Telluride cranky about OHVs in high country

TELLURIDE, Colo. — Off-highway vehicles, such as motorcycles and all-terrain vehicles, that shuttle on the roads across the above-timberline passes between Telluride, Ouray, and Silverton, continue to be the source of a loud debate in the San Juan Mountains.

The debate is strongest in Telluride, where a large number of people would rather see the countryside rid altogether of the vehicles. In addition to their noise and pollution, the recreational vehicles are used by some to explore off-road areas that are, by their nature, very easily damaged.

But who should regulate their use? That’s part of the issue, as reported by The Telluride Watch. The federal lands that dominate the high country there are checkered with private land. San Miguel County Sheriff Bill Masters has made it clear he won’t try to enforce the law until this issue of who has jurisdiction and where is cleared up. In response, some people have accused Masters of shirking his duty.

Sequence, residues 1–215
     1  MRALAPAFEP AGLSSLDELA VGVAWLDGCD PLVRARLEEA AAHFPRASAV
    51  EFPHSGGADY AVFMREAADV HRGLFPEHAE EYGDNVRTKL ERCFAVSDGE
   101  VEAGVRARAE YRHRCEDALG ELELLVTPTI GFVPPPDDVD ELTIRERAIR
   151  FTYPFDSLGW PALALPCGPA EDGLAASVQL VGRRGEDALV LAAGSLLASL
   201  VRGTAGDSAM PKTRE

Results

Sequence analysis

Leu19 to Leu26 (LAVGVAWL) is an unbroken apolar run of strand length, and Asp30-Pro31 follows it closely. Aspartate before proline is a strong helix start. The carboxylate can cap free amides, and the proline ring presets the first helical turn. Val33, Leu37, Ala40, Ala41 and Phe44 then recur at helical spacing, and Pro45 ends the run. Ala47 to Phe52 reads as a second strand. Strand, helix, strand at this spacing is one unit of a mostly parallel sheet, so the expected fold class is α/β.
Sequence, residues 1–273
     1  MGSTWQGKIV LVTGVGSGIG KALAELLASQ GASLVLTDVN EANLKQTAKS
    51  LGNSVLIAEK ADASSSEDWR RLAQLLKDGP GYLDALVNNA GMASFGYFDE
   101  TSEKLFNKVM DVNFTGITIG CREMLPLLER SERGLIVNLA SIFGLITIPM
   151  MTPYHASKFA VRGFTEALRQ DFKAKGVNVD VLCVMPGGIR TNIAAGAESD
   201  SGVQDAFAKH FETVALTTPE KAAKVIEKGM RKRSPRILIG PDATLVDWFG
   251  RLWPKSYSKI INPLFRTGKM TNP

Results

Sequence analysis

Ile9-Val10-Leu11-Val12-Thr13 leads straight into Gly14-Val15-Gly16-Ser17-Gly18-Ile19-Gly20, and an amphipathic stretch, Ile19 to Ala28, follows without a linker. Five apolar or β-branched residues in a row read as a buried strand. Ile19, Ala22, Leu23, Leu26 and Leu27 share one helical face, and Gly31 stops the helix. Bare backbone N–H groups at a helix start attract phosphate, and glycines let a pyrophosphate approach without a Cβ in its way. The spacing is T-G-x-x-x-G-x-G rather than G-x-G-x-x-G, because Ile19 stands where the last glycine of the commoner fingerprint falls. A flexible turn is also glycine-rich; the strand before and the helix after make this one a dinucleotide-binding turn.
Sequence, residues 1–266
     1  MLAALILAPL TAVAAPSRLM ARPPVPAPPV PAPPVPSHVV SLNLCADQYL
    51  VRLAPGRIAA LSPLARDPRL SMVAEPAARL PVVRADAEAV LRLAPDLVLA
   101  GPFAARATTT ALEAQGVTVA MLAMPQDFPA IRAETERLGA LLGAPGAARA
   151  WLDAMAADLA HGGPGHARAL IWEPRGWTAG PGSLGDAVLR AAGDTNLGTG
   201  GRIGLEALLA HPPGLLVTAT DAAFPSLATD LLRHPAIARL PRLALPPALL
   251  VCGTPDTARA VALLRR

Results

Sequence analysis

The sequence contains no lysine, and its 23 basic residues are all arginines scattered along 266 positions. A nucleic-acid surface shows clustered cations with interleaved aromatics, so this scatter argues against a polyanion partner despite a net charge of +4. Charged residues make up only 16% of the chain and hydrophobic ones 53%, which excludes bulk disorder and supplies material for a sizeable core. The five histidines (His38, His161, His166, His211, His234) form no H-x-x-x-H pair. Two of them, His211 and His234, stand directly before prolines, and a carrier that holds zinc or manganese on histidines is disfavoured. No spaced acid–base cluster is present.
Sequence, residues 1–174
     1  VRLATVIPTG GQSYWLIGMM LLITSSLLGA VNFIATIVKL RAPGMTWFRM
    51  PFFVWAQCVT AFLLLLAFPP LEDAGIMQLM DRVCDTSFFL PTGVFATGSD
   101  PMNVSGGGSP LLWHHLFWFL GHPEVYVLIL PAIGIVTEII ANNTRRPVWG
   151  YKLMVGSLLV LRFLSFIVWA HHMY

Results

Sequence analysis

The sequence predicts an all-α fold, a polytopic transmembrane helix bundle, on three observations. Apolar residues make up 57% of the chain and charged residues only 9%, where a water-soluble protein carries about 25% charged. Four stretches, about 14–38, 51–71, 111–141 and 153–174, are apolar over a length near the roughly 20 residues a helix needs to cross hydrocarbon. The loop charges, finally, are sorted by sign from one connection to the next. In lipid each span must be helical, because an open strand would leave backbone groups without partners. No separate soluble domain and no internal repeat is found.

Others, led by County Commissioner Art Goodtimes, say that framing the debate in absolute terms is unhelpful. They advocate seeking resolution in the middle ground of smartly accommodating what they believe is an inevitable increase of OHVs.

I do, I do, I do, I’m due, says oft-married couple

SOUTH LAKE TAHOE, Calif. — A couple from Nashville, Tenn., got married for the 81 st time at the Hard Rock Café in South Lake Tahoe. Already in the Guinness Book of World Records, David and Lauren Blair are shooting for 100. Leaving Tahoe, they planned to get married again in Reno.

"The first time I saw her, it was love at first sight," David, 51, told the Tahoe Daly Tribune. "He loves honeymoons," said Lauren, 53.

They first married 20 years ago, and have travelled at various places in the English-speaking world to get their nuptials renewed. They estimate they have spent $50,000 on wedding trips.